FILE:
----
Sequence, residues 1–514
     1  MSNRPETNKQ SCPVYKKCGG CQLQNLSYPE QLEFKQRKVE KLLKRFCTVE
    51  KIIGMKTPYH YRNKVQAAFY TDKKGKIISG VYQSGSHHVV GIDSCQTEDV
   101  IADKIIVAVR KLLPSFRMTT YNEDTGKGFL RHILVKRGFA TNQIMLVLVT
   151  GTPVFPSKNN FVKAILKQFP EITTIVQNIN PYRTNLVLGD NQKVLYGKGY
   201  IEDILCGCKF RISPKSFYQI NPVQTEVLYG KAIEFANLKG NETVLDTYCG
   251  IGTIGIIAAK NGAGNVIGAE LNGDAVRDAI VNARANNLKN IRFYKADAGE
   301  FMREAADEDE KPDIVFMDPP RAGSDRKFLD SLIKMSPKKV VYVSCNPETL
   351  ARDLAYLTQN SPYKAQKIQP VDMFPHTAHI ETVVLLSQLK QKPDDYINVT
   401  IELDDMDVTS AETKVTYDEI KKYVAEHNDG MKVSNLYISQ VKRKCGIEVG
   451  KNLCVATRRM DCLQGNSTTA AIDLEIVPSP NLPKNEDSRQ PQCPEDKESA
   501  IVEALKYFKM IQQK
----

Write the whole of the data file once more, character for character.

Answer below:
Sequence, residues 1–514
     1  MSNRPETNKQ SCPVYKKCGG CQLQNLSYPE QLEFKQRKVE KLLKRFCTVE
    51  KIIGMKTPYH YRNKVQAAFY TDKKGKIISG VYQSGSHHVV GIDSCQTEDV
   101  IADKIIVAVR KLLPSFRMTT YNEDTGKGFL RHILVKRGFA TNQIMLVLVT
   151  GTPVFPSKNN FVKAILKQFP EITTIVQNIN PYRTNLVLGD NQKVLYGKGY
   201  IEDILCGCKF RISPKSFYQI NPVQTEVLYG KAIEFANLKG NETVLDTYCG
   251  IGTIGIIAAK NGAGNVIGAE LNGDAVRDAI VNARANNLKN IRFYKADAGE
   301  FMREAADEDE KPDIVFMDPP RAGSDRKFLD SLIKMSPKKV VYVSCNPETL
   351  ARDLAYLTQN SPYKAQKIQP VDMFPHTAHI ETVVLLSQLK QKPDDYINVT
   401  IELDDMDVTS AETKVTYDEI KKYVAEHNDG MKVSNLYISQ VKRKCGIEVG
   451  KNLCVATRRM DCLQGNSTTA AIDLEIVPSP NLPKNEDSRQ PQCPEDKESA
   501  IVEALKYFKM IQQK